If you like the DT770 Pro, you will feel comfortable with the amount of bass present in the DT770 Pro X Limited Edition. Unlike the voicing of the DT700 Pro X, these do favor highs and lows in their sound signature. With that in mind, I found that the 250ohm version of the DT770 had more thud when listening back to back on the Astell & Kern SP3000T. In turn, I think that a lot of users may want more lows in the mix when listening to music. These aren’t ‘basshead’ headphones and users who like lows will want to attenuate their devices to boost bass. I personally loved the bass signature because of how flat it was. That being said, I don’t think a little more lows in the tuning would hurt these headphones.


When listening to the DT770 Pro X LE, my takeaway was that the mids have the most character and tuning. There’s a dip in the low mids between 500Hz and 1kHz which keeps the cleanliness of the sound. My ears heard a slight drop in low male voices when compared to higher-register voices. I liked this for EDM and rock music which can be cluttered in this range. Yet Johnny Cash’s “You Are My Sunshine” had a haunting emptiness which felt a bit lacking when compared to Elizabeth Mitchell’s version of the same folk song. At the same time, this dip lends itself very well to saturated sounds. Distortion adds harmonics throughout the frequency range which easily overtakes a mix. At the same time, fans of folk and bluegrass may want more from the low mids, and it really depends on your preference if you’d like this quality or not.

Furthermore, there’s a bump in the higher mid frequencies, giving you a brighter than neutral quality. I’m not a big fan of bright sound signatures, and I wouldn’t say this is a bright sound. There’s enough upper-mid and treble to give sounds a shape, without bringing too much air into the mix. Songs like “360” by CharlieXCX had a bubble-gum sweetness in the vocals that were shiny and abundant. When juxtaposed to the lower pitched synths, her voice was clear. Overall I enjoyed the midrange tweaks that are present in the Limited Edition. I believe they’d do a fantastic job in a mixing application. Listening to music on the other hand is a highly subjective process. Although I thought the midrange sounded great to my ears on the music I like listening to, listeners of folk, vocal jazz and bluegrass music may want to expand their shortlist to other options.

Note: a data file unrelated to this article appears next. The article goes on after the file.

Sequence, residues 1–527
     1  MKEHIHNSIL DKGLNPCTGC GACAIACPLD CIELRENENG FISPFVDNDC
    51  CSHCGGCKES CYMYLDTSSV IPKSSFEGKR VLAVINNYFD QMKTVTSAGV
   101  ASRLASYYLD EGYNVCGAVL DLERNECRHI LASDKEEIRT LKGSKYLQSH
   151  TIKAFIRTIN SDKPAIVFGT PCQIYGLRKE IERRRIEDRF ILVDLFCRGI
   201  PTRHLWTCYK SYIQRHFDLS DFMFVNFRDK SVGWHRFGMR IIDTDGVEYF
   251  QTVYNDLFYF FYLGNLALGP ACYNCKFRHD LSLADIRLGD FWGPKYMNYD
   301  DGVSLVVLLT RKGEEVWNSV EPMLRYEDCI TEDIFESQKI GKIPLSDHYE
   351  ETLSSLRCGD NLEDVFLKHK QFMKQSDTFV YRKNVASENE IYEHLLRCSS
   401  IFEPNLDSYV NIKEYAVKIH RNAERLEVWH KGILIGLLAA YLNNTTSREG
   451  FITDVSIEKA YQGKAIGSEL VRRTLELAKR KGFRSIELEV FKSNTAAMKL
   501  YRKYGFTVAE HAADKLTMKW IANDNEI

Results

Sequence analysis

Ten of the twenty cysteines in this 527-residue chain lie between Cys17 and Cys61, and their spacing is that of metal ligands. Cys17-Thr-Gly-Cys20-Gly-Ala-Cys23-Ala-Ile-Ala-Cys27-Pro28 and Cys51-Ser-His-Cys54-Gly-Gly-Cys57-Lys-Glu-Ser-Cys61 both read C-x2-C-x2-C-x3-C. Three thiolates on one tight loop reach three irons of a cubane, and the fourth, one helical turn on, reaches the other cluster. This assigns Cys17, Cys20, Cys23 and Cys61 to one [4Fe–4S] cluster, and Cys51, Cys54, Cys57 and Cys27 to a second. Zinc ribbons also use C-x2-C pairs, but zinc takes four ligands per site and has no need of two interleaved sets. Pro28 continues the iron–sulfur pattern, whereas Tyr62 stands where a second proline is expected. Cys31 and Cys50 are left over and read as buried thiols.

You are definitely able to hear a natural climb from the high-mid range into the presence range of these headphones. It’s gradual rise means that there’s a little more added brightness than neutral. A frequency spectrum of 5Hz-40kHz gives listeners the discerning brilliance they may be looking for in an unoffensively neutral package. Songs don’t sound airy or sibilant, while elements in music like feedback or crash cymbals accurately wash over the mix in manageable quantities. The Stellar.45 driver allows a lot of definition from sounds that are generally found in the high-mids and low-treble ranges without sacrificing for transparency. Highs are clear in this headphone and simply put, were my favorite area of the frequency response. There’s enough bite to satisfy most listeners, while giving this range a non-fatiguing quality. Although I’m sensitive to highs, the slight bump sounded fantastic to my ears even after hours of use.


At only $199, these headphones pack a studio quality sound without breaking the bank. Notable upgrades like memory foam headband and a detachable cable make these much more versatile than their previous iterations. Some criticisms like flat bass response and lack of resistance options mean that users with niche gear or bass preferences may not totally love these headphones. At the same time, I’m having a difficult time thinking of better sounding in this price range. Their low distortion and clean highs make them an excellent studio tool. If you like DT770s and are in the market for another pair, please act fast before the limited edition sells out.